Sometimes I believe the reason I have not yet become a mom or wife is because I am a dunce in the kitchen. Of course, that was a joke….I’m an awesome cook. 😉 But seriously, I am always trying to come up with meals that accomplish a trifecta of lifestyle goals: keep me within my budget, help me lose or maintain weight, and not bore me to death with those two labels of “cheap” and “healthy.” Usually, I fail at accomplishing all three things.
Last weekend, it was kitchen-palooza in my Arlington high-rise studio apartment. I mean it, I was on my feet cooking for just myself for nearly 4 hours. On my agenda, I was making my own honey wheat bread (trying not to buy overly-salted and sugared processed bread), making a creamy spinach and potato soup for my lunches (I needed a serious detox after a work trip in Las Vegas), cooking and freezing creamy pumpkin pasta for dinners this week (again, cheap but not boring), and baking an apple crumble for dessert (trying to use up the apples I’d bought in Sperryville two weeks prior). It was a crispy and windy fall day in early November, I had autumn-scented candles burning, and my apartment smelled so damn good from all the food. This week is going to be awesome!! I thought to myself.
Well, here’s what actually happened:
- Honey Wheat Bread: The bread, which needs a minimum of two hours JUST to rise, actually came out perfectly in that it was baked all the way through with only a tiny, doughy air bubble…unlike the last four or five attempts in which there was a cavern of unbaked dough; however, it was pretty much totally dry by Friday because I over-baked it.
- Creamy Spinach and Potato Soup: Somehow, I didn’t put two-and-two together that when you puree one potato with a whole bag of frozen spinach, you’re not going to get the white creamy potato soup that makes you want to go outside and chop wood in -20 degree weather. Instead, the soup was this murky dark green color that could only be likened to sewer sludge. It tasted fine (admittedly, I found the marriage of lemon juice and cumin to be questionable) but I had to hide it from my co-workers so no one would ask why I was eating slime for lunch.
- Creamy Pumpkin Pasta: The creamy pumpkin pasta had too much cream cheese in it (the recipe calls for goat cheese but I hate goat cheese) and, after heating it up twice for dinner, I decided I couldn’t get past the weird color and texture. I still have 4 servings in freezer bags that I just don’t know how to handle.
- Apple Crumble: The apple crumble was perfect with the exception of the Granny Smith apples that turned a funny “is that natural?” brown color. Only problem was, I probably put on a few pounds by pairing that with Breyer’s natural vanilla ice cream.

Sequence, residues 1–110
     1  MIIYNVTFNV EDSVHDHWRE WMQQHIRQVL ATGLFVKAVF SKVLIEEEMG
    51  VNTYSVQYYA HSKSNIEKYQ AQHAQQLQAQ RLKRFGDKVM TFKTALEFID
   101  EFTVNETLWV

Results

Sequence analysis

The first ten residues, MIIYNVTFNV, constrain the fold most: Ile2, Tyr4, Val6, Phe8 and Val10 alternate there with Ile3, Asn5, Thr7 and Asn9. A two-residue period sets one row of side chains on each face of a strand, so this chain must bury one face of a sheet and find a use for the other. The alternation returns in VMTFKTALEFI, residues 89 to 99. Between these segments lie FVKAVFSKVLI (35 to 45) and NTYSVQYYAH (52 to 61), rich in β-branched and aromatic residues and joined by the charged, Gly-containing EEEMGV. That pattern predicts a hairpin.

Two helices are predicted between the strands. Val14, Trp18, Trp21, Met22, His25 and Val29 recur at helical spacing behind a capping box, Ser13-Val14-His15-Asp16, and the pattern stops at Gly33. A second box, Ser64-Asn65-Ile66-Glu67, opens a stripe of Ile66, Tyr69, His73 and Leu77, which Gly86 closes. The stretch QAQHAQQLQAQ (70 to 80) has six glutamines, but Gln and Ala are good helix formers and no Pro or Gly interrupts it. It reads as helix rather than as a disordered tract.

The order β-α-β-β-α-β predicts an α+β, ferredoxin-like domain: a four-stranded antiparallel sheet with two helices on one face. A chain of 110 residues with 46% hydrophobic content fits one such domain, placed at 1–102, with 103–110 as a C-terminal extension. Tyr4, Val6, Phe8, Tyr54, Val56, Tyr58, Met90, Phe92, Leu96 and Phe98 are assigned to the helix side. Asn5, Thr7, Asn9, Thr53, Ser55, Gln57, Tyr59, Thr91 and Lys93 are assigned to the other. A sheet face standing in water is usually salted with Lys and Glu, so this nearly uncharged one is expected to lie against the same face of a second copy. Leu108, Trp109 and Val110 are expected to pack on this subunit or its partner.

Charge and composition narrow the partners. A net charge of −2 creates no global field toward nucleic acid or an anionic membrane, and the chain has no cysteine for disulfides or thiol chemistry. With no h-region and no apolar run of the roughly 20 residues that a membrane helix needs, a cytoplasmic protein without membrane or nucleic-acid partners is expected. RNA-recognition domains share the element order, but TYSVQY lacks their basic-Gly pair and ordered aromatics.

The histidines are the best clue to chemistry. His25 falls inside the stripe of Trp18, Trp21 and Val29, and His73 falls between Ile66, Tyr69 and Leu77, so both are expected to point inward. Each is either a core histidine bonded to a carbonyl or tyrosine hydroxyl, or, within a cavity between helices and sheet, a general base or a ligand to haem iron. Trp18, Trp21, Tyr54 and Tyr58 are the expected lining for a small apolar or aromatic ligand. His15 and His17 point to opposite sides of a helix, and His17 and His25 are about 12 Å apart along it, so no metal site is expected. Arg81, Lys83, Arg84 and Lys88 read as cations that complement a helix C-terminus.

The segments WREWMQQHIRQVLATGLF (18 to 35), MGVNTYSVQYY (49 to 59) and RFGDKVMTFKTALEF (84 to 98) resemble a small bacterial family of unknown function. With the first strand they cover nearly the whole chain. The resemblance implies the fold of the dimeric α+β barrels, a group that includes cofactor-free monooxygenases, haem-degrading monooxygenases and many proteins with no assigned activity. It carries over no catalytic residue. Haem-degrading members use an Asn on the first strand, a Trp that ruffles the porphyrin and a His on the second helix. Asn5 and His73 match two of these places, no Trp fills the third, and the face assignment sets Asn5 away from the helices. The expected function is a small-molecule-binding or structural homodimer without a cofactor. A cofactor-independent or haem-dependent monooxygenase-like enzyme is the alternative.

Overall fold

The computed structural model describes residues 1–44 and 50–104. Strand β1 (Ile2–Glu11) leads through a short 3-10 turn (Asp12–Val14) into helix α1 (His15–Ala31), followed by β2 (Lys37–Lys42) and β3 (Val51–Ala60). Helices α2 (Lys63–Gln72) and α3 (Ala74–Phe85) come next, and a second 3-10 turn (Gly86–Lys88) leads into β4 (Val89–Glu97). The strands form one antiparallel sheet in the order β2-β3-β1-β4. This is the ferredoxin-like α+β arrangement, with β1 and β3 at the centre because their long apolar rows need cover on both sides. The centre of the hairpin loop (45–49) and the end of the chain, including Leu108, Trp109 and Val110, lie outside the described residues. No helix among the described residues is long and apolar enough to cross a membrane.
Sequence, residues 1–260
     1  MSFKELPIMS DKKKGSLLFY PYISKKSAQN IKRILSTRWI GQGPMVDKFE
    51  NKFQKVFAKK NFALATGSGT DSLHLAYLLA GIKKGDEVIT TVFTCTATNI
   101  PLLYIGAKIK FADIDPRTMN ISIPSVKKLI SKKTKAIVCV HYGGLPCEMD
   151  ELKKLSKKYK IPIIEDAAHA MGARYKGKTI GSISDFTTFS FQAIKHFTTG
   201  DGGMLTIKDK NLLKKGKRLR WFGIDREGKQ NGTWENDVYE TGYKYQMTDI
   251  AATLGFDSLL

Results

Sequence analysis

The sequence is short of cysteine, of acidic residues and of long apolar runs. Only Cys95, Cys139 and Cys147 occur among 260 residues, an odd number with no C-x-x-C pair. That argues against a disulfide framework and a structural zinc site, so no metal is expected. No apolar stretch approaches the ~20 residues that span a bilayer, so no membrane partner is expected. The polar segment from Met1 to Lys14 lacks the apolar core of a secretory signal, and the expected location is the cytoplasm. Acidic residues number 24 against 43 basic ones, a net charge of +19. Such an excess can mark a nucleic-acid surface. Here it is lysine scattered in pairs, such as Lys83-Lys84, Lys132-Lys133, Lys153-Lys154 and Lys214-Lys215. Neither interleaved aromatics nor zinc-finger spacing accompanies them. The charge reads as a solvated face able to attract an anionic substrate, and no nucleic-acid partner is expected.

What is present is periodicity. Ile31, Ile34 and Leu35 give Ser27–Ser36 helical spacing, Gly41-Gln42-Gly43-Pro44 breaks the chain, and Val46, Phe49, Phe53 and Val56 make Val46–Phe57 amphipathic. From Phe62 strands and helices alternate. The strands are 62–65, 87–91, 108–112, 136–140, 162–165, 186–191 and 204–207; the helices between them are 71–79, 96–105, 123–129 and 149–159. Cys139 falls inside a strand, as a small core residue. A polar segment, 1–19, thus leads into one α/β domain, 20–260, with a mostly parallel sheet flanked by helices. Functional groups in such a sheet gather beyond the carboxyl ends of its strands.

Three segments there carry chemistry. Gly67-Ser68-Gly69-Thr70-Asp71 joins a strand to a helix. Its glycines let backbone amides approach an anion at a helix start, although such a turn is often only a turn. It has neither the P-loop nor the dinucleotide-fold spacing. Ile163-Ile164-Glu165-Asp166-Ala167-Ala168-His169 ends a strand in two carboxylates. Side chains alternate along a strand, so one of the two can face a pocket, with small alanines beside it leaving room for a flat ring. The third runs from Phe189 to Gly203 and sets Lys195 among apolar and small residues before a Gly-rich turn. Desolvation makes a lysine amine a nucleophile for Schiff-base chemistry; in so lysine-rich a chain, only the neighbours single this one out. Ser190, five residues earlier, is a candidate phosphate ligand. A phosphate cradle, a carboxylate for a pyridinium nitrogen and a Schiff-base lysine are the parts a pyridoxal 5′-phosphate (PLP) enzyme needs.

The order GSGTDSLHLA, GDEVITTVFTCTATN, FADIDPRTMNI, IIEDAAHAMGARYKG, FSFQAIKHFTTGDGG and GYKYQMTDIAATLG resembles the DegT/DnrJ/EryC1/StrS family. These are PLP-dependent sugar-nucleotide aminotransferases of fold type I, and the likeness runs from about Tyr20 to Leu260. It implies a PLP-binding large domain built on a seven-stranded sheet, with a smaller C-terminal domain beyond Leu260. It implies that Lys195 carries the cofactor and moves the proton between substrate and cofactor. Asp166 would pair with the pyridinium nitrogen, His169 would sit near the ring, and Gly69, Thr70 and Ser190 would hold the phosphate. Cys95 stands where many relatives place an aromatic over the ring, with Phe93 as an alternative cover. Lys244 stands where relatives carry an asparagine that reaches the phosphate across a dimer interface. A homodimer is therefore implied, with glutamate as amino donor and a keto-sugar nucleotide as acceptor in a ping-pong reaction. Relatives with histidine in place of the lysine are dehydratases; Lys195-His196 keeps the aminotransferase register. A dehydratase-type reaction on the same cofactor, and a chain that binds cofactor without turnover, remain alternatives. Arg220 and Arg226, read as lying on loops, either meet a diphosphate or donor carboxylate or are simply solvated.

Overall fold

Suffice it to say, I wasted my Sunday afternoon, all the money to buy the ingredients that went to waste, and even more money buying takeout one day after heating up a frozen bag of soup and deciding upon the first taste that I was giving up. If I’d cooked that for a family, I’d probably be with a lawyer preparing my defense for a custody battle based on “child endangerment” charges.
I was at a loss. With no explanation as to how cooking could be such an art when all you’re doing is following directions.
Frankly, I didn’t feel like spending the money on fast food for the next two days at work, so I threw open my cupboards to see if I had anything that I could throw together for a meal at work.
Quinoa is like Taylor Swift: it has probably about as many fans as it does haters. I’m on quinoa’s side (the simile is over now) because it’s the poster child for my food trifecta of cheap, healthy, and fun (depending on what you put with it). I’ve been able to rely on quinoa during a plethora of budget and health crises and here it was, saving a week of cooking failures from the back of my cupboard without me having to spend another dime or gain another pound from fast food. A quick scan of my freezer, I realized that it was totally worth it to break open the bag of frozen peas I’d had reserved for running injuries and I found some leftover julienne-cut sun-dried tomatoes to go with the peas. Grabbed two more pantry staples– olive oil and Italian seasoning– and bam. I had lunch for the next two days. By my estimates, it probably cost about $1.50 to make and it has 355 calories, 8g of protein, 17g of healthy fat, and lots of vitamins and minerals. And it was tasty, too.
So, admittedly, I’m not the best cook, but that’s fine. When life hands you lemons, throw it out and make quinoa. Along with this tasty, easy, and cheap dish, I’ve also had some success with a recipe I deemed my “Tuscan Quinoa” dish (seriously, I have no idea what I am doing here).
Here’s the recipe:
1/4 cup of uncooked quinoa
1/2 cup of water
1 tbsp chopped onions
1 tbsp extra-virgin olive oil
1/2 tbsp of balsamic vinegar
1 tbsp nitrate-free bacon bits
1 tbsp sun-dried tomatoes
Usually, since I have a food-warmer Crockpot that I keep on my desk at work, I just throw all the ingredients in the removable tin and let it heat up all morning. But if you don’t have one of those, follow these directions:
1) Buy the food-warming Crockpot.
2) Prepare the quinoa according to package directions, which will pretty much just tell you to cook the quinoa with the water, but add the olive oil, too.
3) Mix the remaining ingredients with the cooked quinoa.
Easy-peasy and delicious.
This week, I’m taking a break from cooking anything substantial. The farthest I go with cooking or baking is slapping a thawed tilapia filet on foil with Old Bay and coconut oil for 16 minutes in a 400-degree oven. And running to the 7-11 for wine.